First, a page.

Al Murray, Tampa Bay Lightning’s Director of Amateur Scouting had this to say about the three Russians:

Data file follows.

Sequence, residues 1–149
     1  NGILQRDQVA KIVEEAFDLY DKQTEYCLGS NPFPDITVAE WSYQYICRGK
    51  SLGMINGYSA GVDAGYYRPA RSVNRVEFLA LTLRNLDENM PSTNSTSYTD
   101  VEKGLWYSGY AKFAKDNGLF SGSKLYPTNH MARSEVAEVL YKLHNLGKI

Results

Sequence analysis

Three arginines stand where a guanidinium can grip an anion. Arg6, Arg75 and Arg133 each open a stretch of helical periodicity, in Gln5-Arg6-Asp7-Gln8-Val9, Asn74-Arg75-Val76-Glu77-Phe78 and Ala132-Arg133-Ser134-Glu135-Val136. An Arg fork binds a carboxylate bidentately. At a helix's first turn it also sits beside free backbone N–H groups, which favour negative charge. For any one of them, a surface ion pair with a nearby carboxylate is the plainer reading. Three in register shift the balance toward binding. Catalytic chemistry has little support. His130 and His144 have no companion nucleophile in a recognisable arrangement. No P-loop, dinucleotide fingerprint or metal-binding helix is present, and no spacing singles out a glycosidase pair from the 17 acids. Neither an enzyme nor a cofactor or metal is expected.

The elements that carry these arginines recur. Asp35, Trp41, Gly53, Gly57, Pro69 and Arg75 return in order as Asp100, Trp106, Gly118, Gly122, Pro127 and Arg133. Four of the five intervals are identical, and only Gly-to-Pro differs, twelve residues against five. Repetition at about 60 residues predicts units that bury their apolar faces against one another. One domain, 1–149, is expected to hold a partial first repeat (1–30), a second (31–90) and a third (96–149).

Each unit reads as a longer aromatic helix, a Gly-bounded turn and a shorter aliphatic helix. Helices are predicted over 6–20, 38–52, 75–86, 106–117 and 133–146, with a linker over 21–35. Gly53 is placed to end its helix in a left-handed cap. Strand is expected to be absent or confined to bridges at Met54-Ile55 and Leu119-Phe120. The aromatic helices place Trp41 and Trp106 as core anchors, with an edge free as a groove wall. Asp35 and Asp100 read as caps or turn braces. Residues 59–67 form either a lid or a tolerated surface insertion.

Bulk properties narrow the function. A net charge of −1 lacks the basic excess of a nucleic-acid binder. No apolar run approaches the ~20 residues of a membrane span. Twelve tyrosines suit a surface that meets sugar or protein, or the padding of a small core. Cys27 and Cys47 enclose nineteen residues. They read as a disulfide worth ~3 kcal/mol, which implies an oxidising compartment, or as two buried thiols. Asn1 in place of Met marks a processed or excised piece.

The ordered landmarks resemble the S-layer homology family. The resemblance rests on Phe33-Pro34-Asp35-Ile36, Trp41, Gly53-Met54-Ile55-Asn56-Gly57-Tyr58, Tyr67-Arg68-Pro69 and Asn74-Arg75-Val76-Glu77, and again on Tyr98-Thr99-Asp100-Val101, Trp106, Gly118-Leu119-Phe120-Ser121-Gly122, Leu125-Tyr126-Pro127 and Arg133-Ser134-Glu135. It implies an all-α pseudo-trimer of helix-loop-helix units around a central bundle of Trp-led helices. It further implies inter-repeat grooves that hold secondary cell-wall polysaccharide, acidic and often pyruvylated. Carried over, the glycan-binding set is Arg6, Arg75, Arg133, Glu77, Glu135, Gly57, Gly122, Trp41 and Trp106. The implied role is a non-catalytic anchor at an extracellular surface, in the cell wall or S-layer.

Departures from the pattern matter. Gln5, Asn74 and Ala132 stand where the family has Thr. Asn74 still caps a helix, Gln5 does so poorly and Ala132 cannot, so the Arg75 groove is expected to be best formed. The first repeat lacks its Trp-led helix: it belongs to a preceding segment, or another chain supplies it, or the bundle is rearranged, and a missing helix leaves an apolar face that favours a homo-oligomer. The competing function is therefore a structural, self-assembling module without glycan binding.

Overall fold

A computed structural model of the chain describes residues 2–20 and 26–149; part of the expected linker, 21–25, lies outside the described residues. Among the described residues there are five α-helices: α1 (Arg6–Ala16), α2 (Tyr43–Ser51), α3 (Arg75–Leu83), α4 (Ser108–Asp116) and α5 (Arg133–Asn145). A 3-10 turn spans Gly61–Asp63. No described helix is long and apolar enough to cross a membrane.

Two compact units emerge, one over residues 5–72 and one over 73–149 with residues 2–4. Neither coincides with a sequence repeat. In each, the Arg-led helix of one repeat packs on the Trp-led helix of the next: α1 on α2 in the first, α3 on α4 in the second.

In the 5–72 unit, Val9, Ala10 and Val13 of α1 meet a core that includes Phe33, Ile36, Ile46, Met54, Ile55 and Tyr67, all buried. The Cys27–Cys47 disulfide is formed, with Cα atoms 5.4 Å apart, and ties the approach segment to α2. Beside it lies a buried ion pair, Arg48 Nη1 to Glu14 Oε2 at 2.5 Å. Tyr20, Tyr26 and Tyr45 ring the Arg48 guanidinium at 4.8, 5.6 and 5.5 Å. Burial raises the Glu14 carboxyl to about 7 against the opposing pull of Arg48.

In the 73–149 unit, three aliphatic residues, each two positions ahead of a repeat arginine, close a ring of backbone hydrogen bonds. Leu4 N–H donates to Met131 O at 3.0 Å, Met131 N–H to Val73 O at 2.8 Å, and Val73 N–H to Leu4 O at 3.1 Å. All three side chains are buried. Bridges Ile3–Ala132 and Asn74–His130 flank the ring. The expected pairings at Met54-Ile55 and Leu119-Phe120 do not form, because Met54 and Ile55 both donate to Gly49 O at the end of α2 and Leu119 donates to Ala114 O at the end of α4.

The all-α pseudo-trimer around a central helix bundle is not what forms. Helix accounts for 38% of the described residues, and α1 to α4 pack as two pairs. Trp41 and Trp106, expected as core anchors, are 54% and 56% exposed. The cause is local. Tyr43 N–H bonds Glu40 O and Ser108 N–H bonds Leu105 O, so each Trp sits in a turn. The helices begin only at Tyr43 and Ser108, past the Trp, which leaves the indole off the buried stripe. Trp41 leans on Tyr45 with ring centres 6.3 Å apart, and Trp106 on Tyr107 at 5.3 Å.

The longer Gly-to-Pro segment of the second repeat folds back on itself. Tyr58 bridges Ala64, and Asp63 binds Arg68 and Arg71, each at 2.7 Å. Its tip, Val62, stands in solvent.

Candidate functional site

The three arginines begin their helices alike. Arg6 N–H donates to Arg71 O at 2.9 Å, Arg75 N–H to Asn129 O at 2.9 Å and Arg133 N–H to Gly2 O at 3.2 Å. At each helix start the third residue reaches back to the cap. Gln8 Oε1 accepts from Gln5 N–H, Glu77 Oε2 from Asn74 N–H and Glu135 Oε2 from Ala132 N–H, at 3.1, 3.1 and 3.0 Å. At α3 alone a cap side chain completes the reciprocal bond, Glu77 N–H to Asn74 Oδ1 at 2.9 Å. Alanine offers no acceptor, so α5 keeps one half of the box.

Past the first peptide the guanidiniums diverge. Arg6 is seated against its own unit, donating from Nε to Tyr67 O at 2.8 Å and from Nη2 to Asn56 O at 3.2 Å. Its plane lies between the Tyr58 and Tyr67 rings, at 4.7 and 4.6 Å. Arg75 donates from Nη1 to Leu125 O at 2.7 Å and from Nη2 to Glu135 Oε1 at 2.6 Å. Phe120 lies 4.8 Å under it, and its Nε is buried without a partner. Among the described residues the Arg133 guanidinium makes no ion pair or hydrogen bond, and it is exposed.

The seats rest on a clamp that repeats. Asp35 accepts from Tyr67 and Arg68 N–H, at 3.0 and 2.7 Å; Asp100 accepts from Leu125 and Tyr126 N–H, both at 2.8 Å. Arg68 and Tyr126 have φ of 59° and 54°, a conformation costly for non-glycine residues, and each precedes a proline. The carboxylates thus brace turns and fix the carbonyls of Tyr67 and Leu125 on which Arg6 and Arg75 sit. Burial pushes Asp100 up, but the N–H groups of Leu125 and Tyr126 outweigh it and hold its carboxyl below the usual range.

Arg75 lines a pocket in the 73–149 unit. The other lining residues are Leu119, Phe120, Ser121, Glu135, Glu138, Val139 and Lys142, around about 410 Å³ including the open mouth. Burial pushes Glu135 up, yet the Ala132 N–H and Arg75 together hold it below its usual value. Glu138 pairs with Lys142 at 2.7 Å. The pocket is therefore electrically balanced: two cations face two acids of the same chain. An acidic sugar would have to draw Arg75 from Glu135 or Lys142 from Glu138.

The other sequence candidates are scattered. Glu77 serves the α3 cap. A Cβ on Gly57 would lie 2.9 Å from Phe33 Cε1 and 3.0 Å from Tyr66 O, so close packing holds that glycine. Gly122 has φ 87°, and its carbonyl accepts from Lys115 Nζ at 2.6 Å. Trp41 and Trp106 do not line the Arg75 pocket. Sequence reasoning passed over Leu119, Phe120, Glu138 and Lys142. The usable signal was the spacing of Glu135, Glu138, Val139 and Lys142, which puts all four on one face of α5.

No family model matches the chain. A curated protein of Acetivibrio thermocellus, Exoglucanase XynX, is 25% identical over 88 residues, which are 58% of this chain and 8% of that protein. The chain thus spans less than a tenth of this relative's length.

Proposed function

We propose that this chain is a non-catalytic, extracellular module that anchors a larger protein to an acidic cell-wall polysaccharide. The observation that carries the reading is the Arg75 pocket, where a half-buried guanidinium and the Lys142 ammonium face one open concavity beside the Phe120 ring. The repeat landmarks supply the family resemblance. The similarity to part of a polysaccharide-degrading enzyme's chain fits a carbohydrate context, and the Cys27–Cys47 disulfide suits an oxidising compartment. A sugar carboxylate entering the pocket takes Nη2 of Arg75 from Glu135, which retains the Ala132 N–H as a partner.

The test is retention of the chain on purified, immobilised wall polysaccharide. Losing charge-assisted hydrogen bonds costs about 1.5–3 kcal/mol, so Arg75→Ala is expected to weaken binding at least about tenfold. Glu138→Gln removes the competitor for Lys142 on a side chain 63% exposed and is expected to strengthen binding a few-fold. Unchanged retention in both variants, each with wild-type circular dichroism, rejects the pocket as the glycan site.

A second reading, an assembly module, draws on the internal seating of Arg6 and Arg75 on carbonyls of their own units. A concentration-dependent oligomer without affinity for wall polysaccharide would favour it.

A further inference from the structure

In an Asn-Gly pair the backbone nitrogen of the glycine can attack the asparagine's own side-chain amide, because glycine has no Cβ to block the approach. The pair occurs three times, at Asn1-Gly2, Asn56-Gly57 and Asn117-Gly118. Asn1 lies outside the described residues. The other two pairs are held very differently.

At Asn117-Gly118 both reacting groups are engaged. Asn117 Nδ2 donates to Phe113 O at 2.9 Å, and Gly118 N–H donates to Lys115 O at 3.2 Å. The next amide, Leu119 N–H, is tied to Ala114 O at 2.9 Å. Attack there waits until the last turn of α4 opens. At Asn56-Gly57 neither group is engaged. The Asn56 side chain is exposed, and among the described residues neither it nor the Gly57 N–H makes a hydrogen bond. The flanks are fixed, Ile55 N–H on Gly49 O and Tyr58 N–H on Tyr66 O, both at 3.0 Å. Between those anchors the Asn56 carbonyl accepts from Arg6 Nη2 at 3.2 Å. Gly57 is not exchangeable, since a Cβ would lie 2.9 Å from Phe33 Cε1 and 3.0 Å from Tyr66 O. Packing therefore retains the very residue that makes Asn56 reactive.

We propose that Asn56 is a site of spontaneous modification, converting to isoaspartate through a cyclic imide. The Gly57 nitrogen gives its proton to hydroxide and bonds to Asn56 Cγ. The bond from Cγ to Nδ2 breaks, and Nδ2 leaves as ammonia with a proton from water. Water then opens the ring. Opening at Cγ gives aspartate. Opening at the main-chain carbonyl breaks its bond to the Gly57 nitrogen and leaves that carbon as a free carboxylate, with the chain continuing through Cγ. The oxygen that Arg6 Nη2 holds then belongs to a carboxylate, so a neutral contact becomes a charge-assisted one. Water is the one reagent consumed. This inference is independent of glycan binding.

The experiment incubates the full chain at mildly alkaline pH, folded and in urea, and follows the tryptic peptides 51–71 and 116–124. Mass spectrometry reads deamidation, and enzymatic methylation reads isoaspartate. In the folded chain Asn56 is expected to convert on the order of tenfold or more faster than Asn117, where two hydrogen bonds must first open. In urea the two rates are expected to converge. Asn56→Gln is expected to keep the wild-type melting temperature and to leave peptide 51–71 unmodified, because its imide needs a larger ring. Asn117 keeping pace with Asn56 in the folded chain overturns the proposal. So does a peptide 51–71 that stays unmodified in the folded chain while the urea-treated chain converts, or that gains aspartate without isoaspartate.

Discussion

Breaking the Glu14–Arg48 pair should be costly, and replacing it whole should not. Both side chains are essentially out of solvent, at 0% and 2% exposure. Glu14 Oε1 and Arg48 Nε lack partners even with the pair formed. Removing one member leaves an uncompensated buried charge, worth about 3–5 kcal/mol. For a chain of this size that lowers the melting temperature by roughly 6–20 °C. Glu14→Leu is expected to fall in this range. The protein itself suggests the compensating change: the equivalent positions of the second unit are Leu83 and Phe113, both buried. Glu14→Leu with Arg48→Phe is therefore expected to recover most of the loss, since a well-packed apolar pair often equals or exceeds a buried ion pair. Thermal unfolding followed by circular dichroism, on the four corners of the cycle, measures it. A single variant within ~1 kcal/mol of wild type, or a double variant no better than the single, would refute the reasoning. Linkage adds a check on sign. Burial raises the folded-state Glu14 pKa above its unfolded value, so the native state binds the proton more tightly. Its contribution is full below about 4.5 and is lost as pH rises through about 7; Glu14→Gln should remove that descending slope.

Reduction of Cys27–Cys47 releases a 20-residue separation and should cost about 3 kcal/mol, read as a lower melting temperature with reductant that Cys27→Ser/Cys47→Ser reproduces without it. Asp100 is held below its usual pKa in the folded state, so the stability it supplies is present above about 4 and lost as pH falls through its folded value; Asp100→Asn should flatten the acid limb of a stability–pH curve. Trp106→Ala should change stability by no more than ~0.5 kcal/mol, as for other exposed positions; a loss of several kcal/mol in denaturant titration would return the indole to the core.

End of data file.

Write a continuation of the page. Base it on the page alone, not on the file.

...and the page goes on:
“The first question is, ‘How come so many Russians?’…We think they are very good.  Steve [Yzerman], at the start of the year, talked about the attributes he wanted from our players and also talked about that we are not putting any handcuffs on ourselves as far as limiting ourselves.  French Canadians, North Americans, Quebec guys, USA guys, Russian guys…he just wanted us to try to acquire the best players.  All 3 of these players we had very highly ranked on our list.  We see 3 guys who had they not had last names ending in ‘O-V’ would have been in the 2nd round, at the latest.  They’re all major players in their countries and we think they’re terrific prospects.  There is a little difference in every situation.  Namestnikov, who we took last night, as we mentioned, we don’t see him as a Russian player.  He just has a Russian last name.  He plays in North America.  Lives in Detroit.  His mom and younger brother stay in Detroit all year long while his dad goes back to coach in Russia.  So he’s got that situation.  He speaks great English.  In Kucherov’s situation, he plays for Red Army.  He plays on the junior team last year for Red Army and was one of the top scorers in the Russian junior league.  And also played for the under-18 team for Russia at the World Under-18 Championships in April and set a new tournament points record with the most points in the tournament…In the case of Nesterov, he plays in Chelyabinsk.  He’s played in the under-18 team as well.  They usually play in units of five and Nesterov and Kucherov were part of the top unit along with Grigorenko and Yakupov, two players that will be looked at in the top ten of next year…Nesterov has been drafted by Tri-City of the Western Hockey League, and from everything we hear, they are close to working out an agreement where he’ll be playing in Tri-City next year in the Western league.  So 3 Russian kids, all a little bit different in situation, and in our opinion, all very high-end talent wise.  They’ve all indicated to us that they all want to be National Hockey League players…In our opinion, they are all 3 talents that warranted being picked at least as high, if not higher then where they were chosen.  We’re optimistic that all of them have indicated they want to play in the NHL and all will eventually be in that situation” – courtesty of Tampa Bay Lightning video